This continued hawkish rate environment has reduced demand for REITs at the moment - good news isn't being rewarded and bad news is sending names down ≥10%. Many hedge funds have also been more actively shorting the space, so these combined factors is leading to some trading dislocations. Another issue is there is not a ton of incremental capital coming into the space to offset these moves, whereas the REIT dedicated funds are moving positions around they are not adding to overall exposure. Investors are avoiding the sector and the lower liquidity can lead to outsized moves to the downside, with a lack of buyers to support REIT prices.
With challenging sentiment at this time, our recommendation would be to stick to quality at this stage: REITs with strong assets, strong management teams that have managed through tough periods, and with less near-term debt maturities. The sub-sectors that have some tailwinds include multi-family Apartment and Industrial.
The top picks at this time are Minto Apartment REIT, InterRent REIT, Killam Apartment REIT and Dream Industrial REIT, which have also been under pressure. Allied Properties REIT had some positive news last week that was not rewarded by the market, selling their urban-data-centre portfolio in downtown Toronto for $1.35 billion, $118M above net asset value, which just further highlights the negative sentiment. Allied currently has a 8.4% yield. Choice Properties REIT, Canadian Tire REIT and Chartwell Retirement Residences are other REITs with strong portfolios in defensible sub-sectors.
For a specific example of the disconnect being seen, Dream Industrial REIT has had a weaker share price despite its strong fundamentals of market rent growth continuing to exceed inflation (supply is far behind demand in the industrial space). Further reading: Dream Industrial – GTA Property Tour Notes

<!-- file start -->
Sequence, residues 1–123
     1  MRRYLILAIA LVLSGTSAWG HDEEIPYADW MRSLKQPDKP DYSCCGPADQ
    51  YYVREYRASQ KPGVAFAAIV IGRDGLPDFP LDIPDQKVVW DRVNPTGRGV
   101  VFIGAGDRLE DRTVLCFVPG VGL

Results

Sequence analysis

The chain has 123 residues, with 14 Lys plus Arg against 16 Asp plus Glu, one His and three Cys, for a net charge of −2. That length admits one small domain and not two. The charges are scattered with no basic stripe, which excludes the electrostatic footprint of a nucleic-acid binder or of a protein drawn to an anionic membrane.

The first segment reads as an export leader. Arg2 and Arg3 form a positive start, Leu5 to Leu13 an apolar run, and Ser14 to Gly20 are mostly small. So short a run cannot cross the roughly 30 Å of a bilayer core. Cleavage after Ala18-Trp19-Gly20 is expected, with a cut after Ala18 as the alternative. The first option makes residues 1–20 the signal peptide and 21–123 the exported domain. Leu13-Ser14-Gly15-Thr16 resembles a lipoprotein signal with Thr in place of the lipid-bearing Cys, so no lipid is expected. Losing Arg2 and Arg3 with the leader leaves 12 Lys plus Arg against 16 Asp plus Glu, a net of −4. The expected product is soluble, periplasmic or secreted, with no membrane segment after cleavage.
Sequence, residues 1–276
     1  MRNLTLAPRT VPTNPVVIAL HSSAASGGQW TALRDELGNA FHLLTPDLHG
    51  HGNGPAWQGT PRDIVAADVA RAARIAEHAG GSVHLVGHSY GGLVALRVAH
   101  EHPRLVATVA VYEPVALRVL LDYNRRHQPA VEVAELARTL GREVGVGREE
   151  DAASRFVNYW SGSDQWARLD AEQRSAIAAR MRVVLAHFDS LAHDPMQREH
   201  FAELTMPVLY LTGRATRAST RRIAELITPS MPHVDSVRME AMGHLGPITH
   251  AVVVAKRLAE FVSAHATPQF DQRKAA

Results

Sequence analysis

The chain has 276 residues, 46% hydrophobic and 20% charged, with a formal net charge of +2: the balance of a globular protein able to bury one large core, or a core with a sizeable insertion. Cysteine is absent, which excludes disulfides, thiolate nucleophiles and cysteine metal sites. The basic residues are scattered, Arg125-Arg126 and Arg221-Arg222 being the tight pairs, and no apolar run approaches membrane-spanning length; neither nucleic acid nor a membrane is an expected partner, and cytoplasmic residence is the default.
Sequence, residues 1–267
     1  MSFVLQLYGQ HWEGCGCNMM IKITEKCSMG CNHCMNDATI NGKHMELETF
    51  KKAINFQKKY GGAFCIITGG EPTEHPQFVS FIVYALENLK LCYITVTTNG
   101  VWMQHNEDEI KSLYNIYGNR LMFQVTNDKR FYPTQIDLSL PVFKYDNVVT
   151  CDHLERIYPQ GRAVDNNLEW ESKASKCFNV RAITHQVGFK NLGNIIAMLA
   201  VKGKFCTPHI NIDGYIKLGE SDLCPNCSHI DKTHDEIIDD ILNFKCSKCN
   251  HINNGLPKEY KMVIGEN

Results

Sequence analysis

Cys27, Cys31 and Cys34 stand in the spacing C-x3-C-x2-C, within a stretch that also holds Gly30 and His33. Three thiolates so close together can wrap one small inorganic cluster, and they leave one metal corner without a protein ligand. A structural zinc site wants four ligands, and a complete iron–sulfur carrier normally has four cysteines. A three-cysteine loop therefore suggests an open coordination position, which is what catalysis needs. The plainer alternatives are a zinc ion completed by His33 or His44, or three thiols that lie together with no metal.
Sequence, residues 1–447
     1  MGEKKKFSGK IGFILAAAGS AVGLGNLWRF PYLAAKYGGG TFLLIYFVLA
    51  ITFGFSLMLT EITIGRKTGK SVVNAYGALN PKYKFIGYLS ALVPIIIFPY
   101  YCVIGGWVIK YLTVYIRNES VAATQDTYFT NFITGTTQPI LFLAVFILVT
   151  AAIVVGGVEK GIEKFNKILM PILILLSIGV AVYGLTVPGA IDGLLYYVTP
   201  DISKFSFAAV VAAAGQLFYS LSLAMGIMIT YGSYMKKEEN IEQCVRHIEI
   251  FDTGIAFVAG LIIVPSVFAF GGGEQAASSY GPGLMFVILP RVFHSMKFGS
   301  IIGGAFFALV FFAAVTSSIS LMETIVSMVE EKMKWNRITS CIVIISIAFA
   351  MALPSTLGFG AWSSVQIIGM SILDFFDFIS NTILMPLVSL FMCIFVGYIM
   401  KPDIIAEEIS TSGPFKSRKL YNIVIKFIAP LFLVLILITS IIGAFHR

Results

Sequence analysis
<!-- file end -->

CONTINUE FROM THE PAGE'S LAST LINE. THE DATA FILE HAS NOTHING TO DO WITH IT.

Investors will have to be patient as the rate environment remains a major headwind. That said, we saw what a tone shift from Central Banks can do on the positive side earlier this year when the sector had a strong move in January. There will be some opportunistic pricing levels when the cycle turns, but we may be unlikely to see an inflow of funds into the space until the tightening cycle is over, which will require some patience. Healthier yields will provide some income in the meantime while investors wait for a turnaround.
In the meantime, this provides investors with opportunities to potentially offset future capital gains by crystalizing losses in these positions. By moving around in the space they could also add to quality names trading at more attractive valuations.
The information contained herein was obtained from sources we believe to be reliable, but is not guaranteed by us and may be incomplete. The opinions expressed are based on our analysis and interpretation of this information and are not to be construed as a solicitation or offer to buy or sell the securities mentioned herein. The opinions expressed herein are those of the author and do not necessarily reflect those of National Bank Financial.
The securities or investment sectors mentioned herein are not suitable for all types of investors. Please consult your investment advisor to verify whether the securities or sectors suit your investor's profile as well as to obtain complete information, including the main risk factors, regarding those securities or sectors. This document is not a research analysis produced by the Research Department of National Bank Financial.